British drivers should certainly wait until France before filling up this month, but the petrol-powered should brim tanks before heading to the Netherlands. Everyone should holdout for Luxembourg – and Austria – if they can.
Also, a quick look at Austria’s Tauplitzalm Alpenstrasse, star of last week’s Ennstal Classic. Super-heavy traffic in France again on Saturday points – again – to a bumper August Black Saturday. The shocking carnage on Turkey’s roads after Ramadan continues, but improves on last year. Ferry passengers shaken after tanker crash into Gothenburg – but the route is still highly recommended. Spectacular arrivals it seems are guaranteed.
UK STILL DEAREST DIESEL
Big savings on cross-Channel diesel. Austria vies with Luxembourg for cheapest fuel overall.
All the usual suspects top the fuel price charts this month but the UK is really consolidating its position as having Europe’s dearest diesel.
We first reported back in April that UK derv was the most expensive, at €1.638/l according to Fuel Prices Europe.
Thanks mainly to a volatile exchange rate since then it has increased to €1.704.
It means the saving on the average 50 litre diesel tank for cross Channel travellers has increased considerably since May, to €25.85 in France, €23.05 in Belgium and €18.85 in the Netherlands.
The savings are less marked for petrol powered drivers – €11.85 in France and €8.50 in Belgium – while a fifty litre tank full will actually cost €2.50 more in the Netherlands.
Meanwhile, at the other end of the scale, Austria is proving a consistent competitor for Luxembourg on cheap fuel.
At €1.054 for diesel and €1.219 for petrol Austria is neatly undercutting Luxembourg on unleaded and rivalling on diesel (€1.050 and €1.246)
More relevant for most drivers in that neck of the woods are the savings compared to Germany (€1.229, €1.529), Switzerland (€1.439, €1.458) and – particularly – Italy (€1.519, €1.711).
Five most expensive: UK, Norway, Italy, Switzerland, Sweden.
Five cheapest: Andorra, Estonia, Luxembourg, Austria, Poland.
Five most expensive: Norway, Netherlands, Italy, UK, Denmark.
Five cheapest: Estonia, Andorra, Bulgaria, Latvia, Poland.
All prices taken from Fuel Prices Europe on 20 July 2015, per litre. Indicative only; mainly averages except nationally regulated Belgium and Luxembourg.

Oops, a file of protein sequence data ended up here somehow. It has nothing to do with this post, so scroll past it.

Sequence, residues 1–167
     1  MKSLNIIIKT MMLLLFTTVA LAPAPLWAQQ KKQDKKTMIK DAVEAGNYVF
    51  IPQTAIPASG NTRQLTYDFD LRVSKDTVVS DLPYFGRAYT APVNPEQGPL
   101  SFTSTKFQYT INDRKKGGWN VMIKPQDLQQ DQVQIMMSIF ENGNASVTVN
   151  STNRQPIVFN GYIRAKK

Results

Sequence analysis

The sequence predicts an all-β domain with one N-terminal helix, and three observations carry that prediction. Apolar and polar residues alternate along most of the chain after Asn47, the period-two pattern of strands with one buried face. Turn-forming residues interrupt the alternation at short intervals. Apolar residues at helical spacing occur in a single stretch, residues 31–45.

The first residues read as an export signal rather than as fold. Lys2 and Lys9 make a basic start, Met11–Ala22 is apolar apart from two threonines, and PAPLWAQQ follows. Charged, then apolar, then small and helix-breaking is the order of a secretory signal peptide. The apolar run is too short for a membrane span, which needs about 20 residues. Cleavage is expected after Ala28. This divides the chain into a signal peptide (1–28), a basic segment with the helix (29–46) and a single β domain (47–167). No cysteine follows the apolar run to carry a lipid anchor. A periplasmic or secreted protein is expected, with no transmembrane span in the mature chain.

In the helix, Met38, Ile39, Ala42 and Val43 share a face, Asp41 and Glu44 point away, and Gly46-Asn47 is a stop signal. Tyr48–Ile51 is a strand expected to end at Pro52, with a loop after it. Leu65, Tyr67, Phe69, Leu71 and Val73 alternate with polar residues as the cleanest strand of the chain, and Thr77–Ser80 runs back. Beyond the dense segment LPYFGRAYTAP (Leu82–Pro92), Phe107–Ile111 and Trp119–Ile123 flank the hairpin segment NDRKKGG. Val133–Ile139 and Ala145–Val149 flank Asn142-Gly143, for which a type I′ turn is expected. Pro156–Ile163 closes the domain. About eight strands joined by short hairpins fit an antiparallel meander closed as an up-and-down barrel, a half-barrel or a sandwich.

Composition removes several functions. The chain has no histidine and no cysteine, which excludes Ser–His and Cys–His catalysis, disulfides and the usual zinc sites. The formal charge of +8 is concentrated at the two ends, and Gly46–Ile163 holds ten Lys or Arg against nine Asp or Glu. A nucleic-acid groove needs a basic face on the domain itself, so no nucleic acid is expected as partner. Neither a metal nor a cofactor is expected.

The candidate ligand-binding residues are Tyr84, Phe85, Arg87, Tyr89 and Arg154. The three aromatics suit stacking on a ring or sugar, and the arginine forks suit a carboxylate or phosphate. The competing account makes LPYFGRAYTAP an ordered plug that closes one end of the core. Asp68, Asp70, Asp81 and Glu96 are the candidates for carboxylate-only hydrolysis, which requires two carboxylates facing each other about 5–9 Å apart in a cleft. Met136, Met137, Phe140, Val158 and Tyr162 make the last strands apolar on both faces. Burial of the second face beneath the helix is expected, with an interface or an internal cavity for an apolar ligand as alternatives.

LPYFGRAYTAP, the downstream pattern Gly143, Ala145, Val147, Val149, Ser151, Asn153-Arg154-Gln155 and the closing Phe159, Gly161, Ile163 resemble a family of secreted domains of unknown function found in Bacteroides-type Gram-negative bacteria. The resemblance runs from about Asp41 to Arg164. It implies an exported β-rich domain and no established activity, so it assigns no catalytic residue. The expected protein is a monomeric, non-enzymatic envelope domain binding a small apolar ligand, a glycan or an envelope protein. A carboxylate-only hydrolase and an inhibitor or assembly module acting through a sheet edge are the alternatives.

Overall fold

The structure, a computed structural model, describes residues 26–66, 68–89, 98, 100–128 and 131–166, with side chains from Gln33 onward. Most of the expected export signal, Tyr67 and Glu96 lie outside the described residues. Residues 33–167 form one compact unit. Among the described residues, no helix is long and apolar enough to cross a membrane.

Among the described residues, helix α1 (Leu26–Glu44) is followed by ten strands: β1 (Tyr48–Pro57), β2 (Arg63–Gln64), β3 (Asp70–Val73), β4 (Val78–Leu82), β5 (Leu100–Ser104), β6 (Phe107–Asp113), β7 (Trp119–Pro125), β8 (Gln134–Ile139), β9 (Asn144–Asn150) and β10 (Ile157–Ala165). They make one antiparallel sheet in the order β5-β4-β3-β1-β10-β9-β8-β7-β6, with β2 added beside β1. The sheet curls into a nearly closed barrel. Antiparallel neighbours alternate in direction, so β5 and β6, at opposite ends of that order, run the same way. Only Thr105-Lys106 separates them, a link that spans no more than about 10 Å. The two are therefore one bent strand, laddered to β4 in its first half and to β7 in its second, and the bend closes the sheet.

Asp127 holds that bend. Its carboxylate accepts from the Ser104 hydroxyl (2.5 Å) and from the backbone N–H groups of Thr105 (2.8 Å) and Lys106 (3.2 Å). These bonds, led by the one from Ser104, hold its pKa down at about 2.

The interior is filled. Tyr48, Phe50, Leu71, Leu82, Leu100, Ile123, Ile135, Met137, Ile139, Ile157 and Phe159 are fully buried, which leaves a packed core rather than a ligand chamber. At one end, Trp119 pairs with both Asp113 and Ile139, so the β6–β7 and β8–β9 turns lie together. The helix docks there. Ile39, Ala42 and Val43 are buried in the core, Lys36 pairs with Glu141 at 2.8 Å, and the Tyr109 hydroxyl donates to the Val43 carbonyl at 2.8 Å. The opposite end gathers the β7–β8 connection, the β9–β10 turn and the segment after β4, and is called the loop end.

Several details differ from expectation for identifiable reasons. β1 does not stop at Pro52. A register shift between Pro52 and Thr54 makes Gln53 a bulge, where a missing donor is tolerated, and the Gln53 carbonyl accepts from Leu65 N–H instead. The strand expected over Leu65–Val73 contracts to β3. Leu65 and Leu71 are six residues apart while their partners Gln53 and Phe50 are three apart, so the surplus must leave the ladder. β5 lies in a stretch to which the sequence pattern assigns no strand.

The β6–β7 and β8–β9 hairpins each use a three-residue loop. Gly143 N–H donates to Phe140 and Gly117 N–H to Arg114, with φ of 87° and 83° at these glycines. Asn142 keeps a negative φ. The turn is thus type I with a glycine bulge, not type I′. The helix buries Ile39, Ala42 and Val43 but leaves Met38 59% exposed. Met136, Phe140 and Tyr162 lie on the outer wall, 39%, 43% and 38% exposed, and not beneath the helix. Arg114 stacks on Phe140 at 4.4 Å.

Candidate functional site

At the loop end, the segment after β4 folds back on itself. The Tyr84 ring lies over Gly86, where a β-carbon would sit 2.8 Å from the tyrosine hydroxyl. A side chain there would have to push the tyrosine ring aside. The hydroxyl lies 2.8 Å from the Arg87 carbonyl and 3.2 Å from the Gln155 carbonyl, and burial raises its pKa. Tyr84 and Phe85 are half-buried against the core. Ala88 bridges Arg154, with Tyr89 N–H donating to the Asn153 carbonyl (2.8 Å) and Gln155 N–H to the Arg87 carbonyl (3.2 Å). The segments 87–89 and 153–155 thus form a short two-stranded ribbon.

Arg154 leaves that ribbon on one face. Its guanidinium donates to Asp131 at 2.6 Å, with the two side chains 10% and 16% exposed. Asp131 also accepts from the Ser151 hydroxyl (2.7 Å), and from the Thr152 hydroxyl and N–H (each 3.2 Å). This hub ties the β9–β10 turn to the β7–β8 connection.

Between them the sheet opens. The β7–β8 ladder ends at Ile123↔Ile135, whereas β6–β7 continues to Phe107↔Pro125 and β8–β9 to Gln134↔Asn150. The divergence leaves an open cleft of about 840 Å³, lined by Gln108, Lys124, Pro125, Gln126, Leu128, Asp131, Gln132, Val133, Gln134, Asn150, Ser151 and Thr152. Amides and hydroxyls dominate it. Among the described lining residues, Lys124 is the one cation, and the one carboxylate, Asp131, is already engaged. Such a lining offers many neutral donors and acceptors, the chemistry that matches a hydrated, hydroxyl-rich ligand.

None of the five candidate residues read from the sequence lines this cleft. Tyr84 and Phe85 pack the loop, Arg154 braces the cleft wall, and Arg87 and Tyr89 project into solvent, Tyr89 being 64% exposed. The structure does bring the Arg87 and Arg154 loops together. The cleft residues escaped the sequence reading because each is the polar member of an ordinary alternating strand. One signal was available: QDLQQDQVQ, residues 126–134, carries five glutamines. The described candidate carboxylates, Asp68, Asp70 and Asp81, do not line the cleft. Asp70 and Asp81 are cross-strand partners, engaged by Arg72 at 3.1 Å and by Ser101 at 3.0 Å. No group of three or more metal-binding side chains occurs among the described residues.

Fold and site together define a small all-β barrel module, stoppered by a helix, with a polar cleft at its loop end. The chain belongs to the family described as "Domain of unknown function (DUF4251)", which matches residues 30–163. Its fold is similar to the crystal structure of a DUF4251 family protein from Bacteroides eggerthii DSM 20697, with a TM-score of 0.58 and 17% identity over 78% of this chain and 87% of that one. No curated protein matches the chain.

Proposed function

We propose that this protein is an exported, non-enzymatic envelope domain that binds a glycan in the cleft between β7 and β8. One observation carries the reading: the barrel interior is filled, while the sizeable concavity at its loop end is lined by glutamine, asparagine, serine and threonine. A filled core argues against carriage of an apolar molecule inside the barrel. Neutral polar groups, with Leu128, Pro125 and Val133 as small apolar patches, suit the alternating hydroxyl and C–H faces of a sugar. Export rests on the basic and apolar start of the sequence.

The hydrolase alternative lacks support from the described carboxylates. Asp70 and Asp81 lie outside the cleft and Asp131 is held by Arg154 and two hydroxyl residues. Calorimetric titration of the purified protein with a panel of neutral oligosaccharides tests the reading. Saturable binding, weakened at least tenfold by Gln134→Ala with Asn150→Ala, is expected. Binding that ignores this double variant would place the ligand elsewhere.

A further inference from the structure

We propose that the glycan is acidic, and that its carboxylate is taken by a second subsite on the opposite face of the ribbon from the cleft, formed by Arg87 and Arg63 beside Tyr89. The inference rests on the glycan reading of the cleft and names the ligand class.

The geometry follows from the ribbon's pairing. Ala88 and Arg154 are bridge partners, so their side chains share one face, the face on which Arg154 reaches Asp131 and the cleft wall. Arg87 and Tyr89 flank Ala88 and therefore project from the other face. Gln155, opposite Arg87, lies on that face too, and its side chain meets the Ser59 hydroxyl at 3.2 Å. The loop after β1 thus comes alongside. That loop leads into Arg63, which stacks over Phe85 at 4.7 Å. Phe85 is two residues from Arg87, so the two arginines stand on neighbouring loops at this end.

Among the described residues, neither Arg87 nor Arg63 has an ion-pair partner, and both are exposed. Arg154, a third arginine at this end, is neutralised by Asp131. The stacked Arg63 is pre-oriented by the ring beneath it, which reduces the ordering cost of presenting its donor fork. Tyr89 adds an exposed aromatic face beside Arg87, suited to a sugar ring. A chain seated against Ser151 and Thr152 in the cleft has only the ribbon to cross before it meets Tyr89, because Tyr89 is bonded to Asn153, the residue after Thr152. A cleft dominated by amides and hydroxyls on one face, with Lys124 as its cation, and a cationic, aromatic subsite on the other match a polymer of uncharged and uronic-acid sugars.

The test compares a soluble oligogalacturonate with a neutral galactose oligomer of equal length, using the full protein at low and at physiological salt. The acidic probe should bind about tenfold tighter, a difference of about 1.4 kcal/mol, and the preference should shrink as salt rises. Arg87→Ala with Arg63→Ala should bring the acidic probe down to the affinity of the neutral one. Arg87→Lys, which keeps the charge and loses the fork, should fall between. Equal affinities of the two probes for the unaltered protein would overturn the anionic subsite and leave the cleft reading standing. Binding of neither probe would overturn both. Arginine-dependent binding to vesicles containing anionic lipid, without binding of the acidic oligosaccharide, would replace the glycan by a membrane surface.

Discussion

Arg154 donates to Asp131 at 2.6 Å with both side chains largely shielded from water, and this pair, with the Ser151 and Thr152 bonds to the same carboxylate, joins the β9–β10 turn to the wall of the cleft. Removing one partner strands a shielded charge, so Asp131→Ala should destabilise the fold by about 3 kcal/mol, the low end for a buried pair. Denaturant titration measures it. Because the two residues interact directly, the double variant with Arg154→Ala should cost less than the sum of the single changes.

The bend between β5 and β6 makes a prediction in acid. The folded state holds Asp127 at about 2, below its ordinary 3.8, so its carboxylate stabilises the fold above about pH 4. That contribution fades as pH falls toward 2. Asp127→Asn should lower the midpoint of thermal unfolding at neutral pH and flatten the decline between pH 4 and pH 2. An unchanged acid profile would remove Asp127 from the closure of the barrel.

roundup: FRANCE. The super heavy holiday traffic continues. Cumulative traffic jams around the country peaked at 658km on Saturday lunchtime compared to just 343km on the same day last year (figures via @VID). It follows last weekend when jams reached 630km versus 530km in 2014. Undoubtedly the fine weather played a part but the biggest delays were on the long range routes, Paris-Bordeaux and Paris-Avignon. Hopefully drivers are spreading themselves out this summer rather than the traditional heavy concentration of holidaymakers in August. Otherwise, as we said last week, a bumper Black Saturday on 1 August lies awaits. See more. TURKEY. The problem during the annual four day holiday following Ramadan – Eid al Fitr – is carnage rather than queues but early figures suggest this year was better than last. In 2014 a shocking 109 people were killed in traffic accidents and 852 seriously injured. This year that figure has been reduced to 69 deaths and 386 serious injuries according to Anadolu News Agency. Bridge and road tolls are suspended over the long weekend. Another Eid festival comes in October; last year 131 people died on the roads. For comparison, in one of Europe’s safest countries, Spain, between 15:00 Friday and Sunday night twelve people died and nine were injured according to roads directorate @DGTes. SWEDEN. A Stena Line ferry on its way from Frederikshavn in Denmark collided with a tanker at 02:30 on Sunday morning near the Gothenburg archipelago. Passengers were left shaken but no injuries were reported according to Sveriges Radio and the ship docked safely. Photos show a deep gash in the side of the ferry. ‘It was the tanker that hit us, not the other way around,’ said Niclas Mårtensson, deputy CEO of Stena Line, via thelocal.se. Despite this incident, the Frederikshavn-Gothenburg ferry is recommended as a way to cross between northern Denmark and south west Sweden, particularly as the Gothenburg terminal being right in the city centre makes for a spectacular arrival, under the Alvsborg Bridge. The crossing takes 3.5 hours with fares from €50 2+car, about the same as the Copenhagen-Malmo Oresund Link. See more.